Picacho: The Blast Furnace

Eloy, Ariz.

Today was a unique day—not unique in being wonderful, adventurous, and educational, although we had some of all that.image0000001.jpg

We had a great morning seeing the Grand Canyon. Spectacular beyond words. We fled the KOA early to drive the 50 miles of U.S. 64 to the national park, see the Visitor’s Center, and walk a half-mile of the Rim Trail, which follows the South Rim. Looking down, we were stunned to learn that creation of the baseline rock formation began 2 BILLION years ago. We gawked for a while, like throngs of others, picked up some books for the grandsons, and headed back that same 50 miles back to Williams.

After lunch at the same tourist place we visited three weeks ago (I winced at the “come back and see us!”) we got on I-40 to Flagstaff, then turned south on I-17 towards Phoenix. We were determined not to give up on camping, learning from our brochures that Arizona offers many camping options at its state parks. But in a comfortably air-conditioned vehicle, we forgot the climate problem.  

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We settled on Picacho Peak State Park, 68 miles south of Phoenix. The ranger on the phone said the unique formation of the peak is popular with hikers and climbers. I didn’t tell him we wouldn’t be doing the climb—nor think to ask about the current temperature.

We plodded down I-17, enjoying the view of those majestic Saguaro cacti famous from the Old “Arizona Highways” magazines and hundreds of Westerns.  Driving through Phoenix the dashboard thermometer read 115F. I started getting antsy, but by then we felt committed. We passed the exit for Picacho, an unincorporated place, population about 400. Then we spotted the sign for the park.  We pulled up to the ranger station just before closing time. The ranger seemed startled that campers showed up, but gave us a site. “Are there any snakes or scorpions?” Sandy asked. He shrugged. “Haven’t had a problem this summer, but it’s the desert,” he answered, then took off for the weekend.

Now both of us had serious doubts. The dash thermometer showed 103F.  We drove slowly to the site. The park seemed deserted. No one in his right mind would be camping here tonight.  We parked. The heat hit us with blast-furnace intensity. Are we nuts? I thought. Anyway, we had not seen a motel in 50 miles. The site wasn’t bad, it had a shaded area.

I’ve read that the desert cools off quickly after sunset, which was then just two hours away. I went through the motions, hauling the tent out and setting it up on a sandy spot. On inspecting the surface, I kicked pebbles and gravel into a suspicious hole. Snake? Scorpion? I didn’t want to know.

We decided to forget about cooking our own dinner. Nothing but a Subway at the Picacho Peak exit, so we backtracked north eight miles to Eloy and ate at Denny’s. I hoped we’d see some cooling off by the time we got back. No such luck.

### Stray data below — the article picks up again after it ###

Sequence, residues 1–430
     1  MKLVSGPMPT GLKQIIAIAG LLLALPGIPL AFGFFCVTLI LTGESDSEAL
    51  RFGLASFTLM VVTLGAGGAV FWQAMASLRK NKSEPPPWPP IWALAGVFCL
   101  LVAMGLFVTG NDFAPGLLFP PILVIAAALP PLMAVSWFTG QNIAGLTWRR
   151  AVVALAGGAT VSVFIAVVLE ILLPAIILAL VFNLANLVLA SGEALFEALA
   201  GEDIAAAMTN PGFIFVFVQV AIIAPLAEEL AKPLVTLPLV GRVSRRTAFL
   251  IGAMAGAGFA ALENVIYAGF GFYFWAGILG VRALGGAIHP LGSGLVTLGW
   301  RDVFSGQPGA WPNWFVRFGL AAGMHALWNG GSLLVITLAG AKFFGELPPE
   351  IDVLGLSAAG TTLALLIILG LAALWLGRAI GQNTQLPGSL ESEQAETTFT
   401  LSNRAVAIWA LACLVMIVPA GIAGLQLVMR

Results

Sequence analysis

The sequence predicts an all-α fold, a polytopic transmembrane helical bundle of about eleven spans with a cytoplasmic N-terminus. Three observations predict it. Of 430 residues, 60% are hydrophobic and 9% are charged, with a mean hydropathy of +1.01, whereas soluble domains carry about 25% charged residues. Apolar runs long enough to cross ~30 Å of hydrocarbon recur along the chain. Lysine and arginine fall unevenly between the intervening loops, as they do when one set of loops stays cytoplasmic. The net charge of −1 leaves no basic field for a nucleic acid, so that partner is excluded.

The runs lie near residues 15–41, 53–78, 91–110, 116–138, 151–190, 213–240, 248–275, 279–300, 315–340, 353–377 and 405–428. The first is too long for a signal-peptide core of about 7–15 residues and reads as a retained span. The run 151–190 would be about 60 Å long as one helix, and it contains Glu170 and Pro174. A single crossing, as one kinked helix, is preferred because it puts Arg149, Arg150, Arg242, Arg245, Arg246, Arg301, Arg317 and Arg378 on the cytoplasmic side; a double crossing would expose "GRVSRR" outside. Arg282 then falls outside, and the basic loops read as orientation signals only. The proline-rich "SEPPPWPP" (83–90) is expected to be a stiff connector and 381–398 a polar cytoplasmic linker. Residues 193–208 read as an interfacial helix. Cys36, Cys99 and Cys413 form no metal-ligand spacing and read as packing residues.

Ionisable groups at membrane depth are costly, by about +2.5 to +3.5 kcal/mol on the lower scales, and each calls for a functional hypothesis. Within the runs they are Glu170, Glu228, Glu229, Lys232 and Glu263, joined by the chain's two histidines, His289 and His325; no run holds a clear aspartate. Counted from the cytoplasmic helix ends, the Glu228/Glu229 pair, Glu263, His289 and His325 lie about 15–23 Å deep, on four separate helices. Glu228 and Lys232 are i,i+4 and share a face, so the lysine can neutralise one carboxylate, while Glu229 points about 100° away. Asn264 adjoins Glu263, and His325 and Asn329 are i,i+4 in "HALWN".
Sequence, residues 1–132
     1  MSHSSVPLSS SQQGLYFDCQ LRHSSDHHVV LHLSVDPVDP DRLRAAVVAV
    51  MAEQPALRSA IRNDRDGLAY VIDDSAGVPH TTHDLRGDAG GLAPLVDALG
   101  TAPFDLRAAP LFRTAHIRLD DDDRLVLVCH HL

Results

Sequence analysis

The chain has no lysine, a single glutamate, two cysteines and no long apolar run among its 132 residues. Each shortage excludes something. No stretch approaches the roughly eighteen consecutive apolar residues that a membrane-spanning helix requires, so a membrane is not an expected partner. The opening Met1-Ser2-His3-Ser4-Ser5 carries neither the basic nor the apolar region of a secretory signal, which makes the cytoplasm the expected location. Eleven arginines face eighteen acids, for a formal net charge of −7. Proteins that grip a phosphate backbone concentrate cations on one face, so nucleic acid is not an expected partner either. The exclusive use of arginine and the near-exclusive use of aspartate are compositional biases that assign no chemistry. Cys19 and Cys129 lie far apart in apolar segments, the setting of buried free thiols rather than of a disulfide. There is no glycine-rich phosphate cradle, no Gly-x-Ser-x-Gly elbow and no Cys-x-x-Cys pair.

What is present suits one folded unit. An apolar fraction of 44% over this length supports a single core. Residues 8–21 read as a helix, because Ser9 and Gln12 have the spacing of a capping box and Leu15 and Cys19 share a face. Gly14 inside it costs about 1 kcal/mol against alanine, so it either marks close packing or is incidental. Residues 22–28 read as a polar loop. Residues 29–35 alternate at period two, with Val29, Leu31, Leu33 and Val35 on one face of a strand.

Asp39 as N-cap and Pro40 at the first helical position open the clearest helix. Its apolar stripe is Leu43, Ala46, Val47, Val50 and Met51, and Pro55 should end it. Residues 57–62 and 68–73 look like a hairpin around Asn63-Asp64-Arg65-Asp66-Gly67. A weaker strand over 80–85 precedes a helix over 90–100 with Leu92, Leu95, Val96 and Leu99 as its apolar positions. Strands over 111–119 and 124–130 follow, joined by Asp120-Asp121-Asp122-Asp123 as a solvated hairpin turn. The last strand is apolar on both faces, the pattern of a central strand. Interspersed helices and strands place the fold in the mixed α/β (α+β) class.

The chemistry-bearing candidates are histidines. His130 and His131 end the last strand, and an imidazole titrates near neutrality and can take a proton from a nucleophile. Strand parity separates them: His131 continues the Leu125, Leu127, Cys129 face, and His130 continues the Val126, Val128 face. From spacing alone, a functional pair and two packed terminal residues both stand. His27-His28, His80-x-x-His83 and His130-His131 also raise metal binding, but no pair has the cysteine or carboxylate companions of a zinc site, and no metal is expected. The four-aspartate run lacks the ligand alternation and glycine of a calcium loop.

We hiked several hundred yards to the camp bathroom and got showers and sat in our lawn chairs, sweating again, waiting for that evening cool-down. About 9:00 PM a breeze kicked up, fanning us gloriously, giving us hope. Shortly thereafter we saw headlights. Another dumb camper? We watched. The SUV passed us slowly then stopped. Then moved along, then stopped again. It did several loops, as if looking for a site, but never choosing one.

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Sandy was nervous. “There’s no one else here. This is creepy,” she whispered. That SUV kept circling. We decided to go with the coward’s solution: sleep in the van. We emptied all the gear out of the van, stowed it in the tent, and fit the air mattress into the van, which was roomy enough, but still stifling.  We turned in, setting the windows at half-open to allow some air flow. The roof of the van, with the Arizona sun beaming on it all day, radiated heat inside.

Stepping out of the van in the early AM, though, the night desert sky was spectacular, the stars appearing close enough to touch, Picacho Peak looming dark above us. The air still was warm, pure, and dry. I felt not a wisp of breeze, the silence was awe-inspiring. Two miles distant, the headlights of trucks on I-10 twinkled as they crawled along soundlessly.

Finally, it was 5:00 AM. Time to call this off. We heated up the water for coffee, suddenly dive-bombed by yellowjackets. Sandy, who’s allergic to bee stings, practically ran, waving a spatula around her head. They didn’t attack and sting, but showed they were really angry with us. I recalled the hole in the ground I had covered with gravel when setting up the tent. The nest, for sure.  We gulped some oatmeal and threw the gear in the van.

I stopped at the bath house to brush my teeth and get another shower. A multi-legged critter with a long erect tail sat in the middle of the bathroom floor. Unmistakable: a scorpion. I’d never actually seen one before, but I’ve watched lots of Nature Channel specials. For this one case, I decided on capital punishment, and stomped it. It scuttled backward but to my relief, expired. I grabbed my toothbrush, hopped in the van and we were gone. Still, in a weird way, we’ll treasure this memory. ###

One thought on “Picacho: The Blast Furnace

  1. Yikes!! Be careful out there! There are great adventures and bad adventures! But keep the stories coming. At least you made it to the Grand Canyon!

    Like

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